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Living with two loves

Should bivocational ministry be the new normal?

For the last couple of years, I have been a bivocational minister by choice. In other words, I have had a strong, deep sense of call to the pastorate, a place where I have served and loved people for fourteen years, while also nurturing this growing drive to write.

I understand the excitement and frustrations of trying to balance. As I thrive in two pursuits, I feel like I’m cheating life. It’s hard enough to find one job that you love, but to have two… well…  that’s almost too good to be true. I’ve always been a monogamous creature, but I imagine it’s like having two lovers.

I also know that one part inevitably suffers. Even as a full-time pastor, before I was a parent, I poured out every ounce of energy into my tiny parish. And I still felt like I could never do enough. As I juggled these two passions, I knew that one of them would not get enough attention. I had to let go of hopes for our ministry, I missed deadlines, and I left emails unanswered. I smacked up against the reality that there are only a limited number of hours in one day.

Then, I really did begin cheating life--neglecting my doctor’s appointments, ignoring the throbbing pain in my tooth, and going months without ever having a day off--my own body suffered with the strain. And, as a parent who was working too much and not taking care of myself, I knew that I was teaching my daughter all the wrong things.

If I can pick up the previous imperfect metaphor again, it’s like when that pastor or seminary professor gets caught with an additional lover and you think, Why did you do it? You know how this story goes. It’s been played out a hundred times before you. You know the end, why did you create the beginning?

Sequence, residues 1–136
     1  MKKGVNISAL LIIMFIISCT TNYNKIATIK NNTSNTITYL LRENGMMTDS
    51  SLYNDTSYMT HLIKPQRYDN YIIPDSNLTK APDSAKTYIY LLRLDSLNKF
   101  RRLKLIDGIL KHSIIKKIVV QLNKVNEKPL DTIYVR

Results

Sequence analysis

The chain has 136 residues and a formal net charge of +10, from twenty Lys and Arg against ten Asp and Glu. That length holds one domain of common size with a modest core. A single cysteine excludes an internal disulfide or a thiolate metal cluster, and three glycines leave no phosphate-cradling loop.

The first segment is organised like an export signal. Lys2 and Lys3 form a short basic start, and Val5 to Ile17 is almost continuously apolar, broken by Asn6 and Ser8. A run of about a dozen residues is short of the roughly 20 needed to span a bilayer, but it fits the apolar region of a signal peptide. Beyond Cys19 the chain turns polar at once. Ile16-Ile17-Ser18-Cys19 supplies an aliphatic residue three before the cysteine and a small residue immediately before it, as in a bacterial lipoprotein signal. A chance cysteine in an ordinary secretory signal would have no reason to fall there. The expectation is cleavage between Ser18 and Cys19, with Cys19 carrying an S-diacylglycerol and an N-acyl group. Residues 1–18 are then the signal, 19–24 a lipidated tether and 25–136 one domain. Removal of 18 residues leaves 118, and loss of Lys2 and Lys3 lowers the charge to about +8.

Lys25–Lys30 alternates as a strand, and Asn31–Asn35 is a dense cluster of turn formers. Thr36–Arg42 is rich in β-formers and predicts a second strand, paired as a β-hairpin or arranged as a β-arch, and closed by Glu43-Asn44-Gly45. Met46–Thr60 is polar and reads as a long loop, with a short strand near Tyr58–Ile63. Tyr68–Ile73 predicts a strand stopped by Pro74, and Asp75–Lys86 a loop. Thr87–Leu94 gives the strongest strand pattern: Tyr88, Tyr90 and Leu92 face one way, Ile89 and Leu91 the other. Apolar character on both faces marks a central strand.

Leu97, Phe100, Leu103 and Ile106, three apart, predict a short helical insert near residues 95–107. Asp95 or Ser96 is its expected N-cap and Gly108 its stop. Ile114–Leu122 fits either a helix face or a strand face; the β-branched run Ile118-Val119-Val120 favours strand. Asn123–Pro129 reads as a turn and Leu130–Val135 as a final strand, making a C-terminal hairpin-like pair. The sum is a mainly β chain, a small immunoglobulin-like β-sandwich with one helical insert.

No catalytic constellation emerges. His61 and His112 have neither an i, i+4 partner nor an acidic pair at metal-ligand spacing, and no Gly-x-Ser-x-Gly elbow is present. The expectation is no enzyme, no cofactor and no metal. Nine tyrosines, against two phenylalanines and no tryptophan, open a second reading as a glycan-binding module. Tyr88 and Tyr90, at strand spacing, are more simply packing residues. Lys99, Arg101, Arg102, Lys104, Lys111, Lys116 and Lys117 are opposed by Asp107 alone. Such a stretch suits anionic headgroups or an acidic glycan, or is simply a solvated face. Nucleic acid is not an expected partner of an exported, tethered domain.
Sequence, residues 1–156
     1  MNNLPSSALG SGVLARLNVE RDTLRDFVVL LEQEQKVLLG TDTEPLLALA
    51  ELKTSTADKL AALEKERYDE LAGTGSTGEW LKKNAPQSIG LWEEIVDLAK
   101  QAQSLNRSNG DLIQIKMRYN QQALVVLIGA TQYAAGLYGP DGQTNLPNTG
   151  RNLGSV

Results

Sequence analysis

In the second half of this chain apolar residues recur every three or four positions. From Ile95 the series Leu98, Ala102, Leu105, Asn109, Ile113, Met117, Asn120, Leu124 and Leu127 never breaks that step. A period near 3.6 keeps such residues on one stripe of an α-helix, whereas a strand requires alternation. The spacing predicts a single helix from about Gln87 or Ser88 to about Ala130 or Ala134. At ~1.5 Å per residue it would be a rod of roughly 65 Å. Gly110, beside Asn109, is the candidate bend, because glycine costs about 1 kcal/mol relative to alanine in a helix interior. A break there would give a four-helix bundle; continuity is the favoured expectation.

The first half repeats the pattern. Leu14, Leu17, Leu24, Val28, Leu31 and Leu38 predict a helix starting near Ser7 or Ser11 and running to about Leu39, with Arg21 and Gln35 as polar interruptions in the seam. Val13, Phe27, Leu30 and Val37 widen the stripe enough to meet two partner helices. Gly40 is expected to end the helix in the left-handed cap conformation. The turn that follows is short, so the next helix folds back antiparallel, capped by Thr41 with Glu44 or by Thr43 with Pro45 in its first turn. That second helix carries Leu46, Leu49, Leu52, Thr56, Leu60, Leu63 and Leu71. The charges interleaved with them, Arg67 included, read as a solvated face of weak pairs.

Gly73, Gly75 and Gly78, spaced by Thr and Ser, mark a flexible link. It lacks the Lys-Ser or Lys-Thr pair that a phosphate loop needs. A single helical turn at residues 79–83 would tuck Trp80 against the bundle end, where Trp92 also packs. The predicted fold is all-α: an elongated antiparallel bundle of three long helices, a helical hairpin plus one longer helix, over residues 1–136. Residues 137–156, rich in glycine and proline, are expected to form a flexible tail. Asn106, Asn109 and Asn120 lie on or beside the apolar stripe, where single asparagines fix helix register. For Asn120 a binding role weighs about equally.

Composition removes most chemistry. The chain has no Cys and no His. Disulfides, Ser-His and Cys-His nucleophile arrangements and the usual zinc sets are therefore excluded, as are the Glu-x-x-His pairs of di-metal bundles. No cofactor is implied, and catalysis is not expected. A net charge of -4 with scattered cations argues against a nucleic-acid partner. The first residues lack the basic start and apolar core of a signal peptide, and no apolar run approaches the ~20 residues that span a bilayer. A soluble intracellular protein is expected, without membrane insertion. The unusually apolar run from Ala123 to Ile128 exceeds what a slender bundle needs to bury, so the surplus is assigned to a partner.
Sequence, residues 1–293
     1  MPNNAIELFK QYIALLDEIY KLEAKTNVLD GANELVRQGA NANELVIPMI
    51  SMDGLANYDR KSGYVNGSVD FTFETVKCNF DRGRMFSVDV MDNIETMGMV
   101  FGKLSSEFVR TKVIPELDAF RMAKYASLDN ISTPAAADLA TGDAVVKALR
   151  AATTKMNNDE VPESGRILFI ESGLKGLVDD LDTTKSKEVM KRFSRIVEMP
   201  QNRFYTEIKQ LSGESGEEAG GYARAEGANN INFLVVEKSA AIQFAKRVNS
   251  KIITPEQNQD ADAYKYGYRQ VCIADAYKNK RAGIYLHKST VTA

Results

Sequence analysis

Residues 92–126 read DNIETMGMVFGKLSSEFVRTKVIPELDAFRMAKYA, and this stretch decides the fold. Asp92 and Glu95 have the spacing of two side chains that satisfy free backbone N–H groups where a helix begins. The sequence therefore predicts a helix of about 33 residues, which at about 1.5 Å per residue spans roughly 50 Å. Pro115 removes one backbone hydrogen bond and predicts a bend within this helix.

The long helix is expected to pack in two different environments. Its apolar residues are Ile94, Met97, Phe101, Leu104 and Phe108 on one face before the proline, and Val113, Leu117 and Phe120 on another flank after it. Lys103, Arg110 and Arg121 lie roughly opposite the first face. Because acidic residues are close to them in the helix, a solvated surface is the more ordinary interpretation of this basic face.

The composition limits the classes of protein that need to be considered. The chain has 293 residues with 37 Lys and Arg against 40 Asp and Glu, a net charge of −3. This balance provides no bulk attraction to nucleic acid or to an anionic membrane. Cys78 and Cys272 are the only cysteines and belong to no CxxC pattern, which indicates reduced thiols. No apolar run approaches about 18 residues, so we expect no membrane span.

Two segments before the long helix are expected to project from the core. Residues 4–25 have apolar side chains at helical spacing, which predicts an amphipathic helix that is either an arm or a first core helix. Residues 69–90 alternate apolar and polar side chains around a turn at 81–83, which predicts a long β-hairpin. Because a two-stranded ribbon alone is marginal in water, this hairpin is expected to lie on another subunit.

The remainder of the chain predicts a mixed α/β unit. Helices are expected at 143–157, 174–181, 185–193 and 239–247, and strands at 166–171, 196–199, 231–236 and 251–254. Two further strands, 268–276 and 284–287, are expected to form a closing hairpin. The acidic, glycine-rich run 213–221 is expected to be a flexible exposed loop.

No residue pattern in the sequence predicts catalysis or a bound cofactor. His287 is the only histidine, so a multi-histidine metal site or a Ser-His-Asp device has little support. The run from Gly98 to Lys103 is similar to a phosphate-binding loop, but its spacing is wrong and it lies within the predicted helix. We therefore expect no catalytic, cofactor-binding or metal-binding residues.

As I think about the larger church, I often hear that bivocational ministry will be the reality for pastors entering the ministry. Our economic model is breaking down. It has become more difficult for a church with fifty households to support one pastor. Even when a minister is willing to live frugally, the cost of education and medical benefits keeps getting higher. So, many people jump to bivocational ministry as the answer.

That makes me pause. As someone who has been living in a bivocational reality for a while now, it would be good to have a long discussion about this and ask ourselves some important questions.

•Are pastors truly nurturing two callings or are we baptizing a shift to part-time ministry? It is one thing to be called to two vocations (as I have been) but it’s another thing to suddenly pay your pastor part-time and expecting her to work bagging groceries on the side.

•What about women and underrepresented racial ethnic communities? I have a few friends who are African-American pastors, who have been working with a bivocational reality for a long time. I have learned from them as I negotiated these waters, but their struggles also concern me. We already have a system where women and racial ethnic minorities are often subject to inequities. Immigrant pastors often get paid less. Women hear, “Well, I'm sure her husband's income supports the family…” whispered in the hallway when cost of living questions arise. Will this bivocational shift make our current realities worse? Will we be setting up a system where the white guys with good teeth and nice hair will be the only ones who have a full-time position with benefits?

Will this shift discourage younger pastors? Most mainline denominations have high expectations of their pastors. Which is good. We go through seminary requirements, ordination examinations, psychological testing, congregational internships, and clinical pastoral education. All of these requirements are costly and they made a lot of sense when people were entering a stable 30-year career with health insurance and pension. Does it still make sense to ask people to go through all of this while telling them that they'll be lucky to get a part-time job at the end of it? 

I often get push-back from women who are not young when I talk about young clergy issues. They argue that they are treated worse than younger clergy. I'm not young any longer, and I understand the realities of being a woman in ministry. But the issues of young clergy still keep me up at night.

Please take a good, long look at this graph. It comes from a congregational life report to the PCUSA, but it tracks all mainline denominations.

These stats are already dated. They’re from four years ago, so if things have stayed the same, this indicates that over 70% of our clergy will be retiring age in the next ten years. Think about that. Shouldn’t we be doing everything that we can to nurture young clergy now?